HB2024 also states that astronomy is a policy of the state of Hawaii—an addition that some hope will quell fears about the demise of astronomy on the mountain.
“This is a strong, good-faith effort to elevate both the importance of astronomy to Hawaii and, even more importantly, this idea of mutual stewardship of a sacred place,” O’Meara says. “It makes me believe again in the ability for people to have difficult discussions and come to a consensus around something. I’ve watched people on both sides of the argument really change their mind and embrace a different philosophy, and I count myself among them.”
An Extremely Large Elephant in the Room
HB2024 prioritizes preservation of untouched land over new development, citing a preference for reusing astronomical sites that already exist on the summit. It also reduces the guaranteed amount of observing time allotted to the University of Hawaii. But neither the legislation nor the working group’s report makes any statements about the number of facilities that might need to be decommissioned—or addresses the elephant in the room: the TMT.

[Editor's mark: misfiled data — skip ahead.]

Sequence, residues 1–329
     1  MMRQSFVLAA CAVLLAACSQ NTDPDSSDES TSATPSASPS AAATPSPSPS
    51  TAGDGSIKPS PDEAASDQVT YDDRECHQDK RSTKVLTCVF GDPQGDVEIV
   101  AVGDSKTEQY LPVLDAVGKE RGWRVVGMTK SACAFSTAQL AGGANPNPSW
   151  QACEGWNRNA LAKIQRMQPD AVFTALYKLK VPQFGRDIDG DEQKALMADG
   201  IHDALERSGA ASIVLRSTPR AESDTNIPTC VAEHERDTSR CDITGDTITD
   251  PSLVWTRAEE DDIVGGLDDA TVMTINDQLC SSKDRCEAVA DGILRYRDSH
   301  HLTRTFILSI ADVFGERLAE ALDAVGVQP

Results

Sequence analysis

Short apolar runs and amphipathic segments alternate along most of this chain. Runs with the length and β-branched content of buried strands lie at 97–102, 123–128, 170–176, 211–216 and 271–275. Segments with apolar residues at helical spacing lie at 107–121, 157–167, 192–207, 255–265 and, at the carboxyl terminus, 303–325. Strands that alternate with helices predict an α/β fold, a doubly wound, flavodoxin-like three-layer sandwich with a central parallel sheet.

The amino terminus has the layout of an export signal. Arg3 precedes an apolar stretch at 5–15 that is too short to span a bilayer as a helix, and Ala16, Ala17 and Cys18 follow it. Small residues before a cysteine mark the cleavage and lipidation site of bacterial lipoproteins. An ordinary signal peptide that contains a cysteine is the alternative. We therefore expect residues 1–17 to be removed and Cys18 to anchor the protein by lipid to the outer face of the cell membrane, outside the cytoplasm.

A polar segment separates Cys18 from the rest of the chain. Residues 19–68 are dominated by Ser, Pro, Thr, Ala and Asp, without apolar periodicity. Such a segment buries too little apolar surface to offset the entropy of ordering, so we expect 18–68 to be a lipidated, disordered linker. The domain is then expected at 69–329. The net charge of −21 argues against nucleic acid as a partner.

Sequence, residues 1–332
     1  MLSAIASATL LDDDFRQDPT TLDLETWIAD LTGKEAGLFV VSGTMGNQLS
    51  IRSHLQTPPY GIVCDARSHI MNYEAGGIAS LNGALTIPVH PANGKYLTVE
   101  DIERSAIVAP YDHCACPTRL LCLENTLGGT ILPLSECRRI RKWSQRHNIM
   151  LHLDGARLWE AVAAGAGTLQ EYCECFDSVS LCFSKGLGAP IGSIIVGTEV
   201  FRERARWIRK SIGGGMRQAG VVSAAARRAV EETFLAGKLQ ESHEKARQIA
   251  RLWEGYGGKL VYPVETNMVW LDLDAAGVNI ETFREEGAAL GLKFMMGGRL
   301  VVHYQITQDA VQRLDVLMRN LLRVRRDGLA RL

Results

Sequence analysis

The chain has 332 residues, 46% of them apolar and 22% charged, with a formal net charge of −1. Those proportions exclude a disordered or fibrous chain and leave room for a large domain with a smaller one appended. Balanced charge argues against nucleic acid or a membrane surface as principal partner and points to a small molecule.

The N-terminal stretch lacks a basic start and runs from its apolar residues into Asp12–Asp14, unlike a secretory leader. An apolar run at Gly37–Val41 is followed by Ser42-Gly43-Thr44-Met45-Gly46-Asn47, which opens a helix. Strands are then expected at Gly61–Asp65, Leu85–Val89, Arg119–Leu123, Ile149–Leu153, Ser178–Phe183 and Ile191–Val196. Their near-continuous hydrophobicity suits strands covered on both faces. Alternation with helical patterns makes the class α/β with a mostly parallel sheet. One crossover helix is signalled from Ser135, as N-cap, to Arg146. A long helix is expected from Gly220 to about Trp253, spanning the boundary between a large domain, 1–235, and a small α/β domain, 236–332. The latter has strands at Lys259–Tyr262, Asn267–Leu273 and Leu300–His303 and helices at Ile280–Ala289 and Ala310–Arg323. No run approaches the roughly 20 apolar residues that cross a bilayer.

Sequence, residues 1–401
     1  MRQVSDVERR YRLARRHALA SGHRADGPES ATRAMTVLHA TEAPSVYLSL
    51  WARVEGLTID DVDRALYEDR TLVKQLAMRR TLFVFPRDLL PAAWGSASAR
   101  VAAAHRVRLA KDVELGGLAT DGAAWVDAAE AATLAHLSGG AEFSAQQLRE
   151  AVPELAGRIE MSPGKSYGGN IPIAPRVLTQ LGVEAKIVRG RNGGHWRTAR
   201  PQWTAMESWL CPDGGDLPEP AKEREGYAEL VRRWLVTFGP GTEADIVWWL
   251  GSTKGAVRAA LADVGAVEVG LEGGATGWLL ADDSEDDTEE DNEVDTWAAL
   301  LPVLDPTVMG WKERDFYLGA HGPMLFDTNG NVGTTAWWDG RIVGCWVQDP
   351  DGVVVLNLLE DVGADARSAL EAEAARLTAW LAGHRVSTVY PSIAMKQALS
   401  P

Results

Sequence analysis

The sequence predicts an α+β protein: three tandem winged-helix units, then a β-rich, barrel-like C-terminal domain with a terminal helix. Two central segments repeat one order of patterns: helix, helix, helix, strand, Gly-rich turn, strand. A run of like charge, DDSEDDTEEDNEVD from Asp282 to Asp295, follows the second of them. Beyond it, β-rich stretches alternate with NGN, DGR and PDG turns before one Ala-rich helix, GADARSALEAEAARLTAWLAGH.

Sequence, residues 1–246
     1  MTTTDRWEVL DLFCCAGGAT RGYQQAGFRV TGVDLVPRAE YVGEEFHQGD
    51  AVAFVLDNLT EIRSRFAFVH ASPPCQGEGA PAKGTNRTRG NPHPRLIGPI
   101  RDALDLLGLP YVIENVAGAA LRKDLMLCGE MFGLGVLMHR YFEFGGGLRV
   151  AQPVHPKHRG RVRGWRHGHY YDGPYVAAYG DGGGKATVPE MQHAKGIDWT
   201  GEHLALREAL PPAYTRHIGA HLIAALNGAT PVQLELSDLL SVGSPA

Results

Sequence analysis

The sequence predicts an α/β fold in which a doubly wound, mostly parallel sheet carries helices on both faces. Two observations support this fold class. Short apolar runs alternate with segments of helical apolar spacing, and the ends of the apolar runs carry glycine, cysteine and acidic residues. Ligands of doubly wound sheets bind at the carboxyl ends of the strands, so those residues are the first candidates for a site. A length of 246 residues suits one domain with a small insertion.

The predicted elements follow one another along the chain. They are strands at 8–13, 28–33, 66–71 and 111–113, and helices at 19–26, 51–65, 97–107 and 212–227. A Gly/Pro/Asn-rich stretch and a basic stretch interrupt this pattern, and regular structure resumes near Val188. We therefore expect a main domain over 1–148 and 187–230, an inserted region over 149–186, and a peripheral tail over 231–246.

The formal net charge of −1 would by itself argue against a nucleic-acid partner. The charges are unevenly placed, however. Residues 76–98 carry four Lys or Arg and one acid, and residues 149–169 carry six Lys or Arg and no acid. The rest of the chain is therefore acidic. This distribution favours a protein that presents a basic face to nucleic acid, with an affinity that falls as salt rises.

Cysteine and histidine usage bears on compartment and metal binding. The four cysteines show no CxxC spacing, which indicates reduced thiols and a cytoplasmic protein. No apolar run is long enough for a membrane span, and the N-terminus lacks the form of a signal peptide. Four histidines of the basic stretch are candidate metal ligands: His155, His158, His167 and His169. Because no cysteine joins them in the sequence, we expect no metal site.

And that was deliberate, Wong-Wilson says. “One of the agreements we made early in our discussion was that this was not going to be a forum on TMT, that it was going to be about taking care of mountain—and that TMT would enter the discussion at some point in the future,” she says.
The TMT project has identified a second site on La Palma, part of Spain’s Canary Islands, as its backup option—a site that’s not as ideal as Maunakea, politically or astronomically, but that would allow the U.S. Extremely Large Telescope Program to keep the northern sky in its sights. When contacted by Scientific American, Robert Kirshner, executive director of the TMT International Observatory (TIO), replied with the following statement:
TIO welcomes this community-based mutual stewardship model that includes Native Hawaiians in active roles in Maunakea’s management. We value the respect, responsibility, caring and inclusivity that this bill is intended to foster. We are grateful that support of astronomy is now a policy of the state. TIO will work with the new authority to advance programs that support astronomy and education and are in harmony with the culture and environment of this special site.